MESS has access to an incredible collection of vintage synthesizers, from early Roland drum machines to original RCA theremins. Generally, their use is restricted to members of the organization, but for Synthesizers: Sound of the Future, there will be a variety of instruments—including early EMS designs like the VCS3, the VCS1, and the EMS Spectre (known as the "video synthesizer")—on display for the use of exhibition patrons.

In addition, visitors can listen to a playlist of the music that inspired the students working at the Grainger in the ‘70s, and see the graphic scores for early synth compositions by artists like Humble.

Allowing valuable vintage instruments to be played by the public might sound risky, but it’s very much in line with MESS’s founding ideals, which—as MESS founders Robin Fox and Byron Scullin explain—is to allow a new generation of electronic musicians access to these machines, rather than allowing them to rot away as collectors items.

"These instruments sometimes end up in the hands of collectors who don’t necessarily play them," Scullin says. "That’s a form of vandalism, because it’s basically consigning them to becoming inoperable in a pretty short period of time."


Scullin believes that hands-on experience with analog synthesizers is still important in a world where most electronic artists use programs like Logic or Ableton Live as their main composition tools.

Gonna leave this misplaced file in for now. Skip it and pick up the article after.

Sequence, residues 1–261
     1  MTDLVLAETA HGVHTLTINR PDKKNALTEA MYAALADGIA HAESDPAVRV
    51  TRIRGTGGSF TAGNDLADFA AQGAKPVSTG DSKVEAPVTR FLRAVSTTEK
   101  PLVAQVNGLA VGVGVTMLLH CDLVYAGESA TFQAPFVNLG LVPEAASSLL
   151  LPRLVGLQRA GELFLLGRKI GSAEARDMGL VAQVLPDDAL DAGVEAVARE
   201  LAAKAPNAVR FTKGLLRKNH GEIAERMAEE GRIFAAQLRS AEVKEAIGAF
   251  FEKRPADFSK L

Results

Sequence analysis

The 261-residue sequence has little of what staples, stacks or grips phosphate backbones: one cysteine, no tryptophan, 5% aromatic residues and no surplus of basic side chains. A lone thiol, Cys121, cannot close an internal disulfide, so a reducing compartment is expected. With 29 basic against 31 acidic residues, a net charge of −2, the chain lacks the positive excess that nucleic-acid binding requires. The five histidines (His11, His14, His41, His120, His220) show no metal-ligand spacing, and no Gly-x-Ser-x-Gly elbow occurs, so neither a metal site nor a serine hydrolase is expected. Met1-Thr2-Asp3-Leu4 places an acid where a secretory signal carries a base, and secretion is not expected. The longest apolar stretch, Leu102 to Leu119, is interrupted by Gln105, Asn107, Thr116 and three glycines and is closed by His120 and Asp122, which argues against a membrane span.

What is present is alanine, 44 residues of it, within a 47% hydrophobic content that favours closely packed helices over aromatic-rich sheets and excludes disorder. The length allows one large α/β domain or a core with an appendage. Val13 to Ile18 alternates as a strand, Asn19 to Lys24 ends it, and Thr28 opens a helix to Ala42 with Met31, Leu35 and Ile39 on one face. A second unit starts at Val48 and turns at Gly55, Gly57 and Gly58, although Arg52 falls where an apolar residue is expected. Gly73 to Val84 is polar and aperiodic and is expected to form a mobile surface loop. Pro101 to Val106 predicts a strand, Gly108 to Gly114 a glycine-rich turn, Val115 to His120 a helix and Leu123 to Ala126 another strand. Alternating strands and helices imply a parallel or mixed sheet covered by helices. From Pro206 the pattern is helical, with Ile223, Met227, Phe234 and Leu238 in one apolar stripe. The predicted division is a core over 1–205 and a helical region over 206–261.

"The computer isn’t a musical instrument as such, it’s a data-entry [and] data-processing machine," he says. "There’s something of the subjective quality of music-making that is being lost in that process."

This exhibit provides rare chance for the public to see that difference for themselves. While enthusiasts can easily spend hundreds of hours tweaking the patches on an instrument like the VCS3 to create exactly the sound they want, even a total amateur can walk up to the instrument and understand intuitively how the noise changes when knobs are turned.

That’s the equalizing power of electronic music, and it goes a long way toward explaining why what was once a niche genre populated by tinkerers has gone on to take over the world. Synthesizers: Sound of the Future is a fascinating insight into the beginnings of the genre, and proves that in an age of digital ubiquity, analog synths are still a portal to discovery.

Synthesizers: Sound of the Future is open at the Grainger Museum on the University of Melbourne campus now through September 9, 2018.